Though Forsberg only played in a combined 18 games at ages 18 and 19, his age-20 season saw a breakout year of 26 goals and 63 points in 82 games. In a contract year in 2015-16 at 21 years old, Forsberg scored 33 goals and 64 points and was the focal point of the Predators’ offense. Durability and dynamic play have been the stories of Forsberg’s play to date as he’s skated in all 82 games in each of the last three seasons, scoring at least 26 goals and 58 points each year.

Showing that he can produce with consistency makes Forsberg all the more valuable – it’s something the Bruins are hoping they can replicate with Pastrnak who has proven to be just as dynamic offensively as Forsberg. Signing his deal one offseason after Forsberg likely led to Pastrnak earning the additional $4 million over the length of the contract, an unavoidable fact that Sweeney dealt with admirably.

Pastrnak Impacts More Than Just Offense

While Pastrnak’s breakout season featured offensive dominance throughout the season, Pastrnak is more than just an offensive threat when he’s on the ice. An efficient two-way player, Pastrnak demonstrated the ability to be matched up against opposing team’s top lines and proved more than capable of holding his own – something he hadn’t shown as much in his first two seasons due to his size, despite being 6 foot 1. In terms of possession metrics, Pastrnak ranked among the best players in the league throughout the entire season. Playing alongside Patrice Bergeron and Brad Marchand – the two top Corsi players throughout the 2016-17 season, as well as David Krejci at various points in the season, Pastrnak finished as one of just four players with a Corsi-For percentage above 60 percent with Pastrnak, Marchand and Bergeron rounding out the top three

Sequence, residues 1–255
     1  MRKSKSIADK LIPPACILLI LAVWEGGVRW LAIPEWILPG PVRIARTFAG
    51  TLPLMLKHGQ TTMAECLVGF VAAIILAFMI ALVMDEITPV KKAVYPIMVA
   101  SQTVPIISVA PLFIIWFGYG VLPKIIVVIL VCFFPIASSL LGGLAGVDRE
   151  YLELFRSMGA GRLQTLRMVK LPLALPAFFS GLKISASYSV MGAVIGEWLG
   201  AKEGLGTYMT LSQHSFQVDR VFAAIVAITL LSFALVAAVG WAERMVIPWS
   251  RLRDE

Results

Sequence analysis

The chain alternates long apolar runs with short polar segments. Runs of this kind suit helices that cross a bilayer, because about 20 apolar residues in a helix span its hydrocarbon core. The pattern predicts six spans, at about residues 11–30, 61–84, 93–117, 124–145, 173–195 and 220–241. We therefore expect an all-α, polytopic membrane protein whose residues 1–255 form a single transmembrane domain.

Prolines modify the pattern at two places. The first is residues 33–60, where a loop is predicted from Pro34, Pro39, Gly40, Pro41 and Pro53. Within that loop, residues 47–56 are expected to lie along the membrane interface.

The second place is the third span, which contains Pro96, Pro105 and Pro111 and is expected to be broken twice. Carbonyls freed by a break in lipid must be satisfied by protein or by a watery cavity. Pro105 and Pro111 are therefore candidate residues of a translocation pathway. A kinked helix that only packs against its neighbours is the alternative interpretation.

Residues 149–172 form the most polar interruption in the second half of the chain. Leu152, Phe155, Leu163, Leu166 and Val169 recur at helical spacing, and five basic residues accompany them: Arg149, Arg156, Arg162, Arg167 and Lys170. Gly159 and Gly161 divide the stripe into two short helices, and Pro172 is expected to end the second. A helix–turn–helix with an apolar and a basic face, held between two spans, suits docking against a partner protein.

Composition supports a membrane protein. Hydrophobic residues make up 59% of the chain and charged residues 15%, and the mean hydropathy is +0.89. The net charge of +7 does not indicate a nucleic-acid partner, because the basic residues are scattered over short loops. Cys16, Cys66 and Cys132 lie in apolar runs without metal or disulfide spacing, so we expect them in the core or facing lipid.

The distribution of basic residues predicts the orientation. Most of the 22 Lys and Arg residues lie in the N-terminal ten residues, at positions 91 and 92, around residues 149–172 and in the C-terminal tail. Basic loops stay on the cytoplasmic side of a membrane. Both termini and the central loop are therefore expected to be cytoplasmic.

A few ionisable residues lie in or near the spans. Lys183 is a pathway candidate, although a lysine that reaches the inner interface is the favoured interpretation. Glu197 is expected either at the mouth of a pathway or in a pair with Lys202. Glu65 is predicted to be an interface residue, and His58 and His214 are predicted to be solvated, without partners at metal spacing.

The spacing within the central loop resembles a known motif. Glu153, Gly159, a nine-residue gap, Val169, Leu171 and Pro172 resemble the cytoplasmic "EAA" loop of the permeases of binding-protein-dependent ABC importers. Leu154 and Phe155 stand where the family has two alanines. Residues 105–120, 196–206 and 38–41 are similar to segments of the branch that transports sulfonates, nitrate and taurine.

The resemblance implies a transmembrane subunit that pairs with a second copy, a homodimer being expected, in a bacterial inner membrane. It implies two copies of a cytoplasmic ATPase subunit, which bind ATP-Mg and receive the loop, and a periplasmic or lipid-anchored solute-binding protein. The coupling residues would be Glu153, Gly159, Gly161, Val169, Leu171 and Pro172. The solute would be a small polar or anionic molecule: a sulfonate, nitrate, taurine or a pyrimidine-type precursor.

David Pastrnak (Amy Irvin / The Hockey Writers)

Few players on the Bruins looked as good all-around last year as Pastrnak did. Doing so at just 20 years old is a testament to his ability and the potential that he possesses as he continues his development with the team that drafted him in 2014. While the Bruins weren’t able to lock Pastrnak up to an eight-year term – they weren’t expected to lock him up with that term regardless, they still came away with a win as they locked up one of the NHL’s best young talents for a very reasonable cap hit.

Sweeney Getting the Job Done

Though Sweeney couldn’t lock up Dougie Hamilton to a long-term contract, trading away the young blueliner just one month into his tenure as the general manager of the Bruins, he made his mark with this signing. With Pastrnak being reported to have interest among KHL teams, as well as on the trade market and even with offer sheets, Sweeney kept his cool. He didn’t panic and ultimately signed a potential cornerstone player for the Bruins for at least another six years. It’s probably time to start trusting Sweeney and everything he’s doing to build a contender in Boston.